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Tissue-integrated sensitive glucose nanosenor uses inactive glucose oxidase enzyme for continuous monitoring

Tissue-integrated sensitive glucose nanosenor using inactive glucose oxidase enzyme
Credit: Angewandte Chemie International Edition (2023). DOI: 10.1002/anie.202311476

Monitoring glucose levels is one of the key elements in health monitoring. A research team from the University of California, Berkeley, has now developed a battery-independent fluorescent nanosensor based on single-wall carbon nanotubes and an inactive form of the enzyme glucose oxidase (GOx).

Because the enzyme is not in its active form, the analyte is not consumed during the measurement, and continuous, reversible, and non-invasive bioimaging of in and tissues is possible, the team reports in the journal Angewandte Chemie International Edition.

Blood glucose levels are typically measured using GOx-based electrochemical sensors. However, these sensors produce toxic hydrogen peroxide as a byproduct and, furthermore, require bulky electrical circuits and batteries, making it difficult to prepare implantable devices for continuous measurement.

Tiny SWCNTs, on the other hand, can be integrated into tissues and provide bioimaging information: when excited by light, SWCNTs produce a near-infrared fluorescence signal that travels through tissue and can be easily recorded using non-invasive bioimaging techniques.

Unfortunately, making GOx-based SWCNT nanosensors is difficult because the most effective technology for loading molecules onto SWCNTs—sonication—essentially inactivates the GOx molecules.

Now, Markita P. Landry and her research team at the University of California, Berkeley have disproved the assumption that GOx-based sensors require active GOx for successful glucose sensing. Using sonication, they prepared GOx-loaded SWCNT sensors that reliably, selectively, and sensitively detected glucose, as demonstrated for glucose measurements in serum, plasma, and mouse brain slices.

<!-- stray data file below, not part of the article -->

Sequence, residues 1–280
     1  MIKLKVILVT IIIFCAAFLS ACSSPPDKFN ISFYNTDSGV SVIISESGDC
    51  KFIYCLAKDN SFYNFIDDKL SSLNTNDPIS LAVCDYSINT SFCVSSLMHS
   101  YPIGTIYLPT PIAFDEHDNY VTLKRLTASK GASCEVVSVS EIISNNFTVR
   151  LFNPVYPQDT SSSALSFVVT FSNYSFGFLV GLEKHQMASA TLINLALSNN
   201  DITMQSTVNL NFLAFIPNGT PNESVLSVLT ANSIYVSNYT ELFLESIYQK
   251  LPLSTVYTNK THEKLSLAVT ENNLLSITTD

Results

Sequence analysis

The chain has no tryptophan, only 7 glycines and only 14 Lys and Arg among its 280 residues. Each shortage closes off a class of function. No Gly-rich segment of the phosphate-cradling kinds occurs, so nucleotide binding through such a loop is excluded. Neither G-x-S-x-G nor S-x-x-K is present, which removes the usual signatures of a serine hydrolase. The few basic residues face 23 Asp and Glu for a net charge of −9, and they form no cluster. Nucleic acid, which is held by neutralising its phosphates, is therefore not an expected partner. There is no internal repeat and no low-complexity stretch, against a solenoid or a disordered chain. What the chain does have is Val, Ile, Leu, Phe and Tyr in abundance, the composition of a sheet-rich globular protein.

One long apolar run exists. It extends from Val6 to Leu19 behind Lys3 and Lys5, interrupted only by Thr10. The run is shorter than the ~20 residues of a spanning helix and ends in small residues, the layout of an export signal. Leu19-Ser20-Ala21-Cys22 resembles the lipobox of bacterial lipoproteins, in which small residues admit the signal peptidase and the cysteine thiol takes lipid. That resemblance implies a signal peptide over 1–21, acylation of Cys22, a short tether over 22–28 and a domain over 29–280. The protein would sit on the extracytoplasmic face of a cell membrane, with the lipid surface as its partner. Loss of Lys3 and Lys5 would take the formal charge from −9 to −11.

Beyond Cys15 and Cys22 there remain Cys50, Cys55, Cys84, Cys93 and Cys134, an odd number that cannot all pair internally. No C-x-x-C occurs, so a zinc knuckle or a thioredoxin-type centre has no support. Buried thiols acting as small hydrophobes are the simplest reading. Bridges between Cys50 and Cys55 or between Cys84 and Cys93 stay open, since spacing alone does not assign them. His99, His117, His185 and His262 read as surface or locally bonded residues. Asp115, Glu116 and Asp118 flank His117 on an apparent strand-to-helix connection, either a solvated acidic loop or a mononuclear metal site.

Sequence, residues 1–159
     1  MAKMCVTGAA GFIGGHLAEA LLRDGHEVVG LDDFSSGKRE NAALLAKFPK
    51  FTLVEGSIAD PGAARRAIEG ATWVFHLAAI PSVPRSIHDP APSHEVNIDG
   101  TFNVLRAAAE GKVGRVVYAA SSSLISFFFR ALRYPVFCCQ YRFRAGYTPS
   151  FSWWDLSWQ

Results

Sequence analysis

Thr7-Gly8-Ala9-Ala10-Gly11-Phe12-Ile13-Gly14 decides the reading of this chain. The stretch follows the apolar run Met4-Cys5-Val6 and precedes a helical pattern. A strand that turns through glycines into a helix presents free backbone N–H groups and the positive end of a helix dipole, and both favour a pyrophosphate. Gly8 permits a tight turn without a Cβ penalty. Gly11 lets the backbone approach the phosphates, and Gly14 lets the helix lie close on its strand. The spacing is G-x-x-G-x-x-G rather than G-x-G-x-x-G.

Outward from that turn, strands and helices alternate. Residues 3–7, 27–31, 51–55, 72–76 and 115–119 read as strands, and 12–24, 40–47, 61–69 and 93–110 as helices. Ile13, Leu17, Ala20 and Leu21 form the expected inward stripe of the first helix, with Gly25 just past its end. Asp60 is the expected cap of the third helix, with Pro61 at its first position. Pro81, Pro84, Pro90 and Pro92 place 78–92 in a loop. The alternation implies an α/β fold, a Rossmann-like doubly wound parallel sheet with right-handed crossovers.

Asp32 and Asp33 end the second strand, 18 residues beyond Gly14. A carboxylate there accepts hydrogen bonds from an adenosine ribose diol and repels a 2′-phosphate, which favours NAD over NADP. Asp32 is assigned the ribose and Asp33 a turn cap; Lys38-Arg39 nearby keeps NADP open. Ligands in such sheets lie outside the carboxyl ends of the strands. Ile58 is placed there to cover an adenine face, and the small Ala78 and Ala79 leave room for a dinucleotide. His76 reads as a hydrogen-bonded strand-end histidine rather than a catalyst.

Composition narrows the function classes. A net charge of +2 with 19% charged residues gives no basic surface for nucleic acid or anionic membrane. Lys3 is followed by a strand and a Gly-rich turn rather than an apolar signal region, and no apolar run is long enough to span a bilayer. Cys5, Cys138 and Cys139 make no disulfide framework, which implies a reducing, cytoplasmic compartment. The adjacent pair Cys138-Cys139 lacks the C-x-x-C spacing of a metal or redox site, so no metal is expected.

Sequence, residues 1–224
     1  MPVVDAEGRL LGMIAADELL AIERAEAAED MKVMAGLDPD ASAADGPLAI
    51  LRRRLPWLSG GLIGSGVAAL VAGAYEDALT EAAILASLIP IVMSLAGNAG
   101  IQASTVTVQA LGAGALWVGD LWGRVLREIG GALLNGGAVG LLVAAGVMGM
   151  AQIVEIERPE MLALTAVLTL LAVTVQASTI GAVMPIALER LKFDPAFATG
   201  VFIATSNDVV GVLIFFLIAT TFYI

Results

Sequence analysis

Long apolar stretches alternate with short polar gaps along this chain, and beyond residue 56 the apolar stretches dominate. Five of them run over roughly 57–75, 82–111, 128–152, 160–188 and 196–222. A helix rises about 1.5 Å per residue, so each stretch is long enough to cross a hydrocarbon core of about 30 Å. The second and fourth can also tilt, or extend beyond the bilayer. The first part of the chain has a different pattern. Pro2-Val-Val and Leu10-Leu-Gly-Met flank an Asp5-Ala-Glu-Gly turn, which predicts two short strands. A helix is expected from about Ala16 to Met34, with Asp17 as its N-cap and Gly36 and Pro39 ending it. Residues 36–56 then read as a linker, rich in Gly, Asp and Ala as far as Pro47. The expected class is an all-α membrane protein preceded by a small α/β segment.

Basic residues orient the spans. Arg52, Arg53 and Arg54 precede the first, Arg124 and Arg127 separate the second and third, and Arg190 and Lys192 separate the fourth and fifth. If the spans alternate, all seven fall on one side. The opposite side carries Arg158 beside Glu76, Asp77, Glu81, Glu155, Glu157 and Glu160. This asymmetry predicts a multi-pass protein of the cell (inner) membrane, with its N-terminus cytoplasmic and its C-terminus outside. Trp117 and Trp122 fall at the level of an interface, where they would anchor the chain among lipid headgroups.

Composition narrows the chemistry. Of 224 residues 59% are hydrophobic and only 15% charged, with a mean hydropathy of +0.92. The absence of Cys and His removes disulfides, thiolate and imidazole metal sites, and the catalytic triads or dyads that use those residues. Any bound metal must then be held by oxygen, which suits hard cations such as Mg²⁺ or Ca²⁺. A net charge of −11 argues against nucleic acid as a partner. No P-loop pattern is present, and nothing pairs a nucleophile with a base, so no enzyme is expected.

The researchers explained this surprising finding by the ability of the inactive GOx enzyme to bind glucose without converting it. Binding alone was sufficient to modulate the fluorescence signal. To be completely independent of GOx activity, the researchers also constructed a GOx enzyme that even lacked the reactive group for glucose conversion. The resulting apo-GOx-SWCNT sensor detected glucose in body fluids and mouse brain slices as reliably as the original conjugate of SWCNT and natural GOx.

The researchers point out that the use of inactive GOx molecules has major advantages. For example, the manufacturing process of the GOx-SWCNT nanosensors can be simplified by using sonication as an effective preparation step. In addition, as the analyte is not consumed by the reaction, no toxic byproducts are produced, and the measurements are intrinsically reversible, allowing for non-invasive continuous monitoring in tissue fluids.

More information: Shoichi Nishitani et al, Engineered Glucose Oxidase‐Carbon Nanotube Conjugates for Tissue‐Translatable Glucose Nanosensors, Angewandte Chemie International Edition (2023). DOI: 10.1002/anie.202311476

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Citation: Tissue-integrated sensitive glucose nanosenor uses inactive glucose oxidase enzyme for continuous monitoring (2024, January 2) retrieved 20 April 2024 from
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